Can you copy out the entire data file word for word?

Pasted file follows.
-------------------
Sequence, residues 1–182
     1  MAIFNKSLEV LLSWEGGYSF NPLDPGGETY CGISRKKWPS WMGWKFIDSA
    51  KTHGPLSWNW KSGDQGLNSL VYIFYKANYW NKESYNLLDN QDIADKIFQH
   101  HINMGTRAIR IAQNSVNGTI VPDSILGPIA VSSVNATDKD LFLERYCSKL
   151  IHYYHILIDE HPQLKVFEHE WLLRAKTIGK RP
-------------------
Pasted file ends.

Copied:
Sequence, residues 1–182
     1  MAIFNKSLEV LLSWEGGYSF NPLDPGGETY CGISRKKWPS WMGWKFIDSA
    51  KTHGPLSWNW KSGDQGLNSL VYIFYKANYW NKESYNLLDN QDIADKIFQH
   101  HINMGTRAIR IAQNSVNGTI VPDSILGPIA VSSVNATDKD LFLERYCSKL
   151  IHYYHILIDE HPQLKVFEHE WLLRAKTIGK RP